Nice, 3 January 1900.
Attended Lycée Masséna and Nice Conservatory; studied law
at the Sorbonne, Paris; studied music with Albert Groz.
1920–22; 1939—recalled into the army, and killed in action.
Married the singer Marthe Bréga.
Practiced law briefly, then music director for Pleyela Records, 1925, and
music director for Pathé-Natan Studios, 1930–35; also
composed music for orchestra and for stage works.
In Azerailles, 19 June 1940.
Die wünderbare Lüge der Nina Petrowna (Schwarz) (French accompaniment)
Le Hyas (Painlevé—short); Le Petit Chaperon rouge (Cavalcanti); Caprelles et pantopodes (Painlevé—short) (co)
Au pays du scalp (de Wavrin); Le Bernard-l'hermite (Painlevé—short); Ostende, reine de plages (Storck—short)
L'Affaire est dans le sac ( It's in the Bag ) (Prévert—short); La Vie d'un fleuve: La Seine (Lods—short); Quatorze Juillet (Clair)
Zéro de conduite (Vigo—short); Trois vies et une corde (Storck—short); L'Atalante (Vigo)
Obsession ( L'Homme mystérieux ) (M. Tourneur—short) (co); Le Dernier Milliardaire (Clair); En Crète sans les dieux (Leenhardt and Zuber—short)
L'Ile de Pâques (Fernhout—short) (+ narrator); Barbe-Bleue (Painlevé and Bertrand—short); Trois-mâts "Mercator" (Fernhout—short)
Mayerling (Litvak) (co); Regards sur la Belgique ancienne (Storck—short)
Un Carnet de bal (Duvivier); We Live in Two Worlds (Cavalcanti—short); Drǒle de drame ( Bizarre Bizarre ) (Carné); Les Maisons de la misère (Storck—short)
Les Filles du Rhône (Paulin); Le Quai des brumes ( Port of Shadows ) (Carné); Altitude 3.200 ( Nous les jeunes ) (Benoît-Lévy and Epstein); Lumières de Paris (Pottier) (uncredited, + ro); Eau-vive (Epstein—short); Hôtel du nord (Carné); L'Esclave blanche (Sorkin) (co); La Fin du jour (Duvivier)
Le Jour se lève ( Daybreak ) (Carné)
Violons d'Ingres (Brunius—short); Village dans Paris: Montmartre (Harts—short)
Solutions françaises (Painlevé—short) (produced 1939)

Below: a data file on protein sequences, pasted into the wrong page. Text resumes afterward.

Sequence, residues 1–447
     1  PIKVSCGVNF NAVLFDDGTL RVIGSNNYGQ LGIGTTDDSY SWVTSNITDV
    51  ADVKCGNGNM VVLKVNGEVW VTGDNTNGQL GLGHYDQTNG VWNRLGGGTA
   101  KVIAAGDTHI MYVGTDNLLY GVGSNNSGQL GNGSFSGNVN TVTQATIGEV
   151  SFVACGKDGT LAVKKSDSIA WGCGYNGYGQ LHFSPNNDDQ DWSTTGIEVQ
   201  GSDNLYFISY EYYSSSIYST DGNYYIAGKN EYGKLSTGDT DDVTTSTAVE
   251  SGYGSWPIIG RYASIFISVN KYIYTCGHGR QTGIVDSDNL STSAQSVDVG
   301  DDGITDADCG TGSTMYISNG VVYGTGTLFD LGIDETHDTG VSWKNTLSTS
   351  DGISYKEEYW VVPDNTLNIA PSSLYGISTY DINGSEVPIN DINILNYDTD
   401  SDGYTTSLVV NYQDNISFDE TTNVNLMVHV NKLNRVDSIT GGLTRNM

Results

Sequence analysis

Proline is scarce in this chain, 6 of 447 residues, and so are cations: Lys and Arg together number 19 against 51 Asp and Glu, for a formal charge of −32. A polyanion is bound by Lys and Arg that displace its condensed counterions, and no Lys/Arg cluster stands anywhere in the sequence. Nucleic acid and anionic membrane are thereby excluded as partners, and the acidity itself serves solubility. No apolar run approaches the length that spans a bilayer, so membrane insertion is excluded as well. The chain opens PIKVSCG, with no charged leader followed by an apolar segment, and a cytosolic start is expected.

Poil de carotte (Duvivier); Der Traumende Mund ( Dreaming Lips ) (Czinner) (+ ro); Mirages de Paris (Ozep)
Le Petit Roi (Duvivier)
Les Misérables (Bernard—3 parts); Sapho (Perret); Sans famille (M. Allégret); Les Nuits moscovites (Granowsky)
La Vie parisienne (Siodmak); L'Equipage (Lit vak); Terre d'amour (Cloche—short)
Nuit de décembre (Bernhardt) (+ ro)
Ces dames aux chapeaux verts (Cloche)
L'Histoire d'Adèle H. (Truffaut)
L'Argent de poche (Truffaut)
L'Homme qui aimait les femmes (Truffaut)
La Chambre verte (Truffaut)
Le Temps détruit: lettres d'une guerre 1939–40 (Beuchot)
"Music on the Screen," in Footnotes to the Film , edited by Charles Davy, London, 1937.
Porcile, François, Maurice Jaubert, musicien populaire ou maudit? , Paris, 1971.
"Jaubert Issue" of Information Musicale (Paris), 4 June 1943.
Sight and Sound (London), Autumn 1947.
Cinématographie Française (Paris), no. 1473, June 1952.
"Hommage à Maurice Jaubert" (Montréal: La Cinémathèque Canadienne), April 1967.
Film Français (Paris), no. 1592, September 1975.
Avant-Scène du Cinéma (Paris), no. 165, January 1976.
Image et Son (Paris), no. 327, April 1978; no. 461, June 1990.
Rivista del Cinematografo (Rome), vol. 54, no. 11, November 1981.
Film Dope , no. 27, July 1983.
Catherine A Surowiec, "Maurice Jaubert: Poet of Music," in Rediscovering French Film , edited by Mary Lea Bandy, New York, 1983.
Cahiers du Cinéma (Paris), no. 393, March 1987.